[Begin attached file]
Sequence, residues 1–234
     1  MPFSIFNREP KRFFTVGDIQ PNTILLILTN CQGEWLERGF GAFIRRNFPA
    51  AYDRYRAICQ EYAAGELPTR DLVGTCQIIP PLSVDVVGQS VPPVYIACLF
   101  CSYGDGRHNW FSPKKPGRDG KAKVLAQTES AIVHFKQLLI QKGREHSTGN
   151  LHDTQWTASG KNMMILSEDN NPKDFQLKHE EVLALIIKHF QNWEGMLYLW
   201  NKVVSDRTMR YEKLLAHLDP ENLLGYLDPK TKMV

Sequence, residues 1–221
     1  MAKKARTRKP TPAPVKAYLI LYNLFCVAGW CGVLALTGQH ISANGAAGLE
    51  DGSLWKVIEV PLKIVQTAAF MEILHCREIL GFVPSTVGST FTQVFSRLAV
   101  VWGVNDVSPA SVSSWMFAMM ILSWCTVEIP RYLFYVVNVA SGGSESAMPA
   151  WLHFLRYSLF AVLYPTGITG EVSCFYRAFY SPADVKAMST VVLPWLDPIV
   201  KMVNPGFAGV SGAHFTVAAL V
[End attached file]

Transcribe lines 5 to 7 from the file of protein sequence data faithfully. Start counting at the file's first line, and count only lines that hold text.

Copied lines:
   151  LHDTQWTASG KNMMILSEDN NPKDFQLKHE EVLALIIKHF QNWEGMLYLW
   201  NKVVSDRTMR YEKLLAHLDP ENLLGYLDPK TKMV

Sequence, residues 1–221